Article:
“Oh well [the Fordham administration] doesn’t want me to do that because I can’t be controlled,” he remarked with a smirk. Nevertheless, Dr. Naison urges the school to consider his proposal. “It will benefit the students.”
Even though the orientation presentation is non-existent right now, Dr. Naison offers a Bronx Immigration, Race & Culture class in the fall. The class for Fall 2016 is full right now, but keep an eye out for it in the future. If it were up to Dr. Naison, his Bronx history class would be part of the core curriculum.
Annie and Shane will graduate Fordham next week, but they want to make sure their Watch the Gap legacy continues. While they will be involved with future events, they understand that they need to hand off the reigns. For that reason, if you are interested in helping out the production of Watch the Gap next year, please send an email to Shane and Annie at email@example.com and firstname.lastname@example.org.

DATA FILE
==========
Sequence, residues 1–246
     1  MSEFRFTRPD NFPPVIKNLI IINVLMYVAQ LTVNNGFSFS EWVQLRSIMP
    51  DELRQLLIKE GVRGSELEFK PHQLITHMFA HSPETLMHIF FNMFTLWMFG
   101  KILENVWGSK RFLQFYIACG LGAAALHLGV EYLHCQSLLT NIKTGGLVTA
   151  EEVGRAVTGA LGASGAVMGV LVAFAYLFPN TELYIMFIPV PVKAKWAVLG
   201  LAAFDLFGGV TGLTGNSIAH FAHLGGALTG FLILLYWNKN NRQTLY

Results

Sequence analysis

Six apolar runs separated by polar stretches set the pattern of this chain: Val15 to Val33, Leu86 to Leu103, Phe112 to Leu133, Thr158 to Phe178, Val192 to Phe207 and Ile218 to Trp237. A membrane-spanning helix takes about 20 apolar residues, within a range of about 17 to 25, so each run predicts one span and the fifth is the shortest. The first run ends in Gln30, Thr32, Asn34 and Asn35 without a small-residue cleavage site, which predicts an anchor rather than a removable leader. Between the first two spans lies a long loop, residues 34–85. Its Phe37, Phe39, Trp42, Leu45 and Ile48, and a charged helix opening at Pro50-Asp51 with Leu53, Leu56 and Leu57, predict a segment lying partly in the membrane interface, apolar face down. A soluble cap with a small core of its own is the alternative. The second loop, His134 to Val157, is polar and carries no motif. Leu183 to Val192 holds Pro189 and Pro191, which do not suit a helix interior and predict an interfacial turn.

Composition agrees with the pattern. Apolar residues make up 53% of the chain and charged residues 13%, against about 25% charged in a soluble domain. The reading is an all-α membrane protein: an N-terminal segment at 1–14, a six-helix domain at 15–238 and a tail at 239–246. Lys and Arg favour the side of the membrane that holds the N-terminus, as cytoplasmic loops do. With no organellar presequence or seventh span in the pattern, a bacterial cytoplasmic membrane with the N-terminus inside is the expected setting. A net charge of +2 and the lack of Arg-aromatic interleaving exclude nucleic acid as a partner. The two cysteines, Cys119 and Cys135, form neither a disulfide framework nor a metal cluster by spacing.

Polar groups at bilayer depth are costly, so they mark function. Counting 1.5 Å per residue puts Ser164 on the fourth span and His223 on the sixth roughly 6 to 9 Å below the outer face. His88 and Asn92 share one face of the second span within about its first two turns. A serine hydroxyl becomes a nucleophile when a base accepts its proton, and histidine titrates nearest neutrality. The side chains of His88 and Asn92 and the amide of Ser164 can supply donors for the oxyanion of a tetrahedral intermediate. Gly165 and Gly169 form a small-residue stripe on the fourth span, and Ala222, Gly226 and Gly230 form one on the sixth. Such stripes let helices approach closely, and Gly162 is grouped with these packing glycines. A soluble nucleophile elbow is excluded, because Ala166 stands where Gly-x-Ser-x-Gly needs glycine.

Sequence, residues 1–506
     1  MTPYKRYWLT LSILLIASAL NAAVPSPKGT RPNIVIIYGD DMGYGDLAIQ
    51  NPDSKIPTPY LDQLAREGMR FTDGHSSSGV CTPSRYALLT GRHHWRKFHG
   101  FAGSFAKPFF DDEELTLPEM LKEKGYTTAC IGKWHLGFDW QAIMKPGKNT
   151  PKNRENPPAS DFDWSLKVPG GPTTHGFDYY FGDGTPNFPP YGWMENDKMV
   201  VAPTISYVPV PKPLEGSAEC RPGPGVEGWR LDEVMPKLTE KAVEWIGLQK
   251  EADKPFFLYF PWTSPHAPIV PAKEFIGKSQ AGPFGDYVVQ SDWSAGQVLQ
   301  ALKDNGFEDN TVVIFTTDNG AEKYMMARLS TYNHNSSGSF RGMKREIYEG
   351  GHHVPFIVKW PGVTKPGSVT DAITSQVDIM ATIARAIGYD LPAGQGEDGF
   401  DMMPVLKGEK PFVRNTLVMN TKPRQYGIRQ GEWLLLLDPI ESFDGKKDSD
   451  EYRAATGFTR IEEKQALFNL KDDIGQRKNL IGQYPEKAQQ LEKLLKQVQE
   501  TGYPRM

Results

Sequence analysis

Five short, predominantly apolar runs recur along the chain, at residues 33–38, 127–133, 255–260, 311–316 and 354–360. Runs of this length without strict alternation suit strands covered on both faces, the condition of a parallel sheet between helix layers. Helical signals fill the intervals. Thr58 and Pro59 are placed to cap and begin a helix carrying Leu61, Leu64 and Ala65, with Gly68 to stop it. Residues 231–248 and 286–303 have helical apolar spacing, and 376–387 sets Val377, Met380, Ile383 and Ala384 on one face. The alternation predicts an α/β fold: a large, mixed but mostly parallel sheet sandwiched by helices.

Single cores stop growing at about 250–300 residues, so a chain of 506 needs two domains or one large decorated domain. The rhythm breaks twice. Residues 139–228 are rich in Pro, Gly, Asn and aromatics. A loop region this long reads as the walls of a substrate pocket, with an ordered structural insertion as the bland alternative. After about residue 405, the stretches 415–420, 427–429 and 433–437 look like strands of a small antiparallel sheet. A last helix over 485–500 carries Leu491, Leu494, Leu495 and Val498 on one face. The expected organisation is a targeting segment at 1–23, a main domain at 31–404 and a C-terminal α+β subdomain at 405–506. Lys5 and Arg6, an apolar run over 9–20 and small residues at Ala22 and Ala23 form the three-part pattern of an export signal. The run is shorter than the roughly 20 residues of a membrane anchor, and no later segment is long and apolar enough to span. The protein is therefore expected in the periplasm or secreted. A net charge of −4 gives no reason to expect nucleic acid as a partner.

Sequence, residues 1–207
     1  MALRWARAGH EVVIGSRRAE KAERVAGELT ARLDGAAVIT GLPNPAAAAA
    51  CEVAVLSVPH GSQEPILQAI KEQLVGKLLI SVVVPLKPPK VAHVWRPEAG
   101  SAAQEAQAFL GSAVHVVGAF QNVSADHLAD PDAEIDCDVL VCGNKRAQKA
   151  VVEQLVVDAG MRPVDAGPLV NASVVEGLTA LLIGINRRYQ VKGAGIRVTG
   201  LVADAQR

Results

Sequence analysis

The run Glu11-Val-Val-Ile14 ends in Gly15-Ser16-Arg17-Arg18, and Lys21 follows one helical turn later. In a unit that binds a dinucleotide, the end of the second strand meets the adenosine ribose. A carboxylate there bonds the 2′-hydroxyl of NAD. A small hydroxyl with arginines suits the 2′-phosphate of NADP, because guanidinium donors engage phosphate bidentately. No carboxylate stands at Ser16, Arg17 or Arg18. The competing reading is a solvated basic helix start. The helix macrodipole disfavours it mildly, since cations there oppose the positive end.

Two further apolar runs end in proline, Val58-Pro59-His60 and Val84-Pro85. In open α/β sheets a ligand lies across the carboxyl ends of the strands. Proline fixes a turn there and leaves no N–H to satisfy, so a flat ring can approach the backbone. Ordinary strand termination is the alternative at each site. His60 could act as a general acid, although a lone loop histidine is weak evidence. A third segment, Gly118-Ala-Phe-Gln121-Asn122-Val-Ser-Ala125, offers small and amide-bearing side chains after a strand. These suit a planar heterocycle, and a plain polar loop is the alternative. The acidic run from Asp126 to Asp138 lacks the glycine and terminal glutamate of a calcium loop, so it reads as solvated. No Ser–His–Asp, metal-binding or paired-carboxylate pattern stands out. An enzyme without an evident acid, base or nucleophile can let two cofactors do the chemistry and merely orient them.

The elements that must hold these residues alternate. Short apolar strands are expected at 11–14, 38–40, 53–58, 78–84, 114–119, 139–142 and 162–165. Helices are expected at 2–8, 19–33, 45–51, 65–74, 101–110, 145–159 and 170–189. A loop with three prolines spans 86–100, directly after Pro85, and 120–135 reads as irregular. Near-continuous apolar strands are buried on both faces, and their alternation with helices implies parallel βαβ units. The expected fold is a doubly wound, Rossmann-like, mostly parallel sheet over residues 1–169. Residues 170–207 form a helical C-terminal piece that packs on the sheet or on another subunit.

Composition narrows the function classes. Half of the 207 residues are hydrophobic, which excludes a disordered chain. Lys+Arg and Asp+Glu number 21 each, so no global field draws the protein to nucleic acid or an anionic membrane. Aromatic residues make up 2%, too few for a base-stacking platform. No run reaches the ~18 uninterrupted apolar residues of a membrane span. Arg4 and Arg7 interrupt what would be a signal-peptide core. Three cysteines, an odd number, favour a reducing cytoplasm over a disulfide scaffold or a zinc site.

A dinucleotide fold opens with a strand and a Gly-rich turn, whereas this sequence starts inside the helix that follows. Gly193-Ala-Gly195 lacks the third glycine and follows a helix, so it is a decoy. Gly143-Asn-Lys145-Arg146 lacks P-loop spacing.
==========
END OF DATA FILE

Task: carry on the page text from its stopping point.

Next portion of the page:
In addition, Annie and Shane wanted to use this article as a platform to thank everyone that made the event possible. Watch the Gap would not have happened without the contributions of Dean of Undergraduate Research Maura Mast along with the Departments of Communications, African American Studies, and Women’s Studies.
It seems as if student projects on college campuses struggle with longevity. When it comes to projects like Watch the Gap, it is especially important to ensure that the transition from class to class goes smoothly.